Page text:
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The headlines read “Stocks Plunge” and “Why the Selling Is Just Getting Started.” It’s enough to get anyone scared and ready to exit the market. Before you do, consider the following: First, have a little perspective. Sure, the benchmark Dow Jones Industrial Average is down about 1,300 points in less than a month, but remember that the Dow isn’t the entire U.S. stock market and doesn’t reflect dividends. I prefer to look at the entire U.S. market considering a longer perspective, using a …
Employees contributed more to their 401(k) plans in 2011, according to Fidelity Investments, and matching contributions from employers were up, too. But despite this uptick in contributions, the year-end average for Fidelity’s 401(k) participants was down.
Americans’ retirement assets lost a total value of $1.4 trillion last quarter, the first decline since the depths of the recession three years ago, according to a new report … After initially rejecting the measure, House Republican leaders yesterday agreed to a two-month payroll tax cut extension””and, with it, an extension of federal unemployment benefits and a temporary ‘doc fix’ … And Bernice Bates, 91, has been named the world’s oldest yoga teacher by Guinness World Records.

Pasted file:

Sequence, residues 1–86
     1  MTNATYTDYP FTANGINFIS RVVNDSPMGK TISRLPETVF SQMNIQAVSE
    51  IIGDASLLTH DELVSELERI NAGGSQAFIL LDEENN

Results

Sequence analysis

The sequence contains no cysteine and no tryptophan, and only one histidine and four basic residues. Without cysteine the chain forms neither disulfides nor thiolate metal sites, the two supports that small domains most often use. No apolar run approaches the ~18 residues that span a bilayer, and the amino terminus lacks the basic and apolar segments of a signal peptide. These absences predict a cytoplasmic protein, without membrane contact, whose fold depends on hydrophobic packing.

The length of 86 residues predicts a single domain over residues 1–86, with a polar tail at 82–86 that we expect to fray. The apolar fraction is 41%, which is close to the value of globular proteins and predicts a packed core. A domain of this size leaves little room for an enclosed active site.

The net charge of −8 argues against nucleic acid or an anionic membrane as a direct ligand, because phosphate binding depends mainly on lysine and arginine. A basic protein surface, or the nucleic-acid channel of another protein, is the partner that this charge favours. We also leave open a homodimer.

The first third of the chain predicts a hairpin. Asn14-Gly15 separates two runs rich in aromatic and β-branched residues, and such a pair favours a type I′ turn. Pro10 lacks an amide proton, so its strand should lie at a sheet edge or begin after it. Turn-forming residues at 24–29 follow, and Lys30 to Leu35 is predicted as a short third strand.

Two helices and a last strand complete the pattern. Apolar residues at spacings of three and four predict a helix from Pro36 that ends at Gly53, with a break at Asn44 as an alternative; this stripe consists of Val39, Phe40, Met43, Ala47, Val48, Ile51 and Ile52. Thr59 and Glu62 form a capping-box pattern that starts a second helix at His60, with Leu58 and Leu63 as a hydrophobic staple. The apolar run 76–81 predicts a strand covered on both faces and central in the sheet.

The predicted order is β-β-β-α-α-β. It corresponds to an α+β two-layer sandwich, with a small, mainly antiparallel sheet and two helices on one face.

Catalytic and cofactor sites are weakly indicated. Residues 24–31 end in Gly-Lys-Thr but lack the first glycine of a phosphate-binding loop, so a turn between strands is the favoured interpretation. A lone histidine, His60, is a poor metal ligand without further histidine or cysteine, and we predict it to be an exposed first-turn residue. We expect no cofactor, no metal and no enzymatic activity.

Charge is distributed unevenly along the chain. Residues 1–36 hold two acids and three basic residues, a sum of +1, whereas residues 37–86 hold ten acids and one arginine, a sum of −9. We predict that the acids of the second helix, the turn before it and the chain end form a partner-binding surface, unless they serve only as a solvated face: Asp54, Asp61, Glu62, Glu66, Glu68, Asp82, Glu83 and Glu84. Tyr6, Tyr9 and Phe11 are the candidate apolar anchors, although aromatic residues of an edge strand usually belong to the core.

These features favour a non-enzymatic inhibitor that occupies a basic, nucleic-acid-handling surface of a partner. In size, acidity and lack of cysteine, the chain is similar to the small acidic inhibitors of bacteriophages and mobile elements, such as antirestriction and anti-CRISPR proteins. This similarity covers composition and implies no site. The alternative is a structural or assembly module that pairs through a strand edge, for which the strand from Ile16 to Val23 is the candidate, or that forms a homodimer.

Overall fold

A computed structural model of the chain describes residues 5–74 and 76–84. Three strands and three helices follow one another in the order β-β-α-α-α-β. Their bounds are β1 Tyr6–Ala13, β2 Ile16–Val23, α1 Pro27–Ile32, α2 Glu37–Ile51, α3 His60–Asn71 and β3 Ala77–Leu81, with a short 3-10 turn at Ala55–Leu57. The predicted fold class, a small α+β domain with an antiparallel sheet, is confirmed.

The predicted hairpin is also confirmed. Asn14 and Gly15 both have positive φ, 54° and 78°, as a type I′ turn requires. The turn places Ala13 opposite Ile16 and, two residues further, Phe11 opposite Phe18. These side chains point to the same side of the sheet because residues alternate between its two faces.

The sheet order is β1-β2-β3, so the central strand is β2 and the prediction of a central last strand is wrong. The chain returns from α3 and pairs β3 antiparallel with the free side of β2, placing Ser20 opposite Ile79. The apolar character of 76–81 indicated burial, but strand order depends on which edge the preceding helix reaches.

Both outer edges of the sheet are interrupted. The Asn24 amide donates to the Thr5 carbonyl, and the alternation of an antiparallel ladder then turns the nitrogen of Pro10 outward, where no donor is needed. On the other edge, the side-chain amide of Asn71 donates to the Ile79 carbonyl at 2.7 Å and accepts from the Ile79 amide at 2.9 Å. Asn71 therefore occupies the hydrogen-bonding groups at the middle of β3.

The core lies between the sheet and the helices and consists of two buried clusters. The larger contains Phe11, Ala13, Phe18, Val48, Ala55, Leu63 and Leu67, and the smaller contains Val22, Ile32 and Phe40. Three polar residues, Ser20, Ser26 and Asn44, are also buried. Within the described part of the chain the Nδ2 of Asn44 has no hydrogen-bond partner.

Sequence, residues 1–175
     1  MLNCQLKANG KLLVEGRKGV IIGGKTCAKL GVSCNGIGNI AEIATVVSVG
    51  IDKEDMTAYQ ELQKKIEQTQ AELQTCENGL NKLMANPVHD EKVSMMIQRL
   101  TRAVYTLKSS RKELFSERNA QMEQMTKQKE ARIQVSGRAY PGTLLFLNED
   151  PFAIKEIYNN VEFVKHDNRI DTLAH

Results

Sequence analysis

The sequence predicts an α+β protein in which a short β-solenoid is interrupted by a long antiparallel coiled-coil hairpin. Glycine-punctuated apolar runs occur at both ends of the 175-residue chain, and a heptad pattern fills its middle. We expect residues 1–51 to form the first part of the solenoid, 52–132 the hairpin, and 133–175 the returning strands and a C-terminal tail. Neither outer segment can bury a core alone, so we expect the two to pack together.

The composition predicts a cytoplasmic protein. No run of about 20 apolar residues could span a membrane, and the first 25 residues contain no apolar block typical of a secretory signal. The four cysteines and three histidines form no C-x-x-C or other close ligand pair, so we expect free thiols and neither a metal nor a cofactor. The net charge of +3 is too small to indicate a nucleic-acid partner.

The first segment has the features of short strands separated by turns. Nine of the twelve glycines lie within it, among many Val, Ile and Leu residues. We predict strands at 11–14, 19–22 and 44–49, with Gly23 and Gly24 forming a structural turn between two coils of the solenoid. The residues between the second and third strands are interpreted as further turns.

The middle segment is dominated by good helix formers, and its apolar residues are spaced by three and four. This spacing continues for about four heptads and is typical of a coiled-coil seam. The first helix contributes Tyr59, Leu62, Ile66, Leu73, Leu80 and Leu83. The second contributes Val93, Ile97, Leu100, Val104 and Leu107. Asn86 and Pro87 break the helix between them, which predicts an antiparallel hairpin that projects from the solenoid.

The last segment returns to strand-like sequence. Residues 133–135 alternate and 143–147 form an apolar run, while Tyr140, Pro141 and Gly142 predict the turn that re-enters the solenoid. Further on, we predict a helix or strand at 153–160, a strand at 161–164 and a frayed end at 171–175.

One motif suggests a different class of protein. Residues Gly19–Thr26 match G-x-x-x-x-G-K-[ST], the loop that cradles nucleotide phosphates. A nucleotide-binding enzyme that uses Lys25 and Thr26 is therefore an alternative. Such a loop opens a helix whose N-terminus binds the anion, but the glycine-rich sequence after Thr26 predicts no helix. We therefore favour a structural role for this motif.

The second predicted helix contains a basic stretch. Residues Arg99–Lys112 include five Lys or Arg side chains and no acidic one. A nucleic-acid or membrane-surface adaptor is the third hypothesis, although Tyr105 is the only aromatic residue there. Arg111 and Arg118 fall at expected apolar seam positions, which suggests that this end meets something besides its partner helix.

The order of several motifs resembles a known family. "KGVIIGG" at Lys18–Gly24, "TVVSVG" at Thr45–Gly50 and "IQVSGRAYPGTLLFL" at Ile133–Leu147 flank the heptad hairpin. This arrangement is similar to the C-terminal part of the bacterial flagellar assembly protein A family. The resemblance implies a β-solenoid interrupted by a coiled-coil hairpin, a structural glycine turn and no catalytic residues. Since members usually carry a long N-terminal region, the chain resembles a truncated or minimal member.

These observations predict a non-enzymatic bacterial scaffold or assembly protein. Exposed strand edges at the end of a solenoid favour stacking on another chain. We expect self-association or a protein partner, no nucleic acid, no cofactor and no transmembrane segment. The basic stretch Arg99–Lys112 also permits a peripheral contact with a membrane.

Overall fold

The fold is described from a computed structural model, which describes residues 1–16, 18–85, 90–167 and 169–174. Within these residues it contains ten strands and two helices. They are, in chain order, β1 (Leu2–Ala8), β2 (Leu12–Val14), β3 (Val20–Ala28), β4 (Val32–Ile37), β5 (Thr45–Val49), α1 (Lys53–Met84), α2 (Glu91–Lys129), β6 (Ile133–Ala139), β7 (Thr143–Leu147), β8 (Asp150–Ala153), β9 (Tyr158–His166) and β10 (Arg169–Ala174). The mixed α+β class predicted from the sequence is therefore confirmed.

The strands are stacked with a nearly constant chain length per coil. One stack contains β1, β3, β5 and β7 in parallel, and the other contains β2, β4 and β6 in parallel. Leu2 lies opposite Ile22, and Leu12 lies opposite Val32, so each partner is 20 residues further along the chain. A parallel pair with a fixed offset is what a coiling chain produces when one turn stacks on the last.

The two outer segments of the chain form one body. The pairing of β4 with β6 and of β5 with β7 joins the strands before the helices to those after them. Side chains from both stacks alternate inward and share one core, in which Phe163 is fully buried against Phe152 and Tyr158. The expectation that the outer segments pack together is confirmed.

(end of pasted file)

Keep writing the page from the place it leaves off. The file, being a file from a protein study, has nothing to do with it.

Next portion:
Aging is for the birds. A growing number of people over 50 just refuse to let it happen. Sure, they’ll celebrate the milestone birthday, but they’ll do their best not to look their age. Or feel it. Or even act it. (See Ernestine Shepherd. You now have no excuse for not working out.)
Stocks plunge. The fear’s back. Market mayhem. Just scanning financial headlines is enough to make you sick to your stomach – figuratively or literally. And people who are retired or close to it have more reason to worry. But the experts seem to have a clear message: don’t panic (and remember to be thankful for Social Security). We’re not suggesting a tattoo… A pep talk, and some practical advice, would probably make more sense. Watch Surviving a Market Downturn or How to …
Is America ready for more “old” men? That’s the discussion that’s taking place in Room for Debate over on NYTimes.com. As the number of men over 65 has increased by 21 percent in the last decade “what are the implications – the benefits and the costs – of having more men around longer?” Women generally outlive men, so how would our lives change with more older men in the country? Will you have to support both parents instead of one? …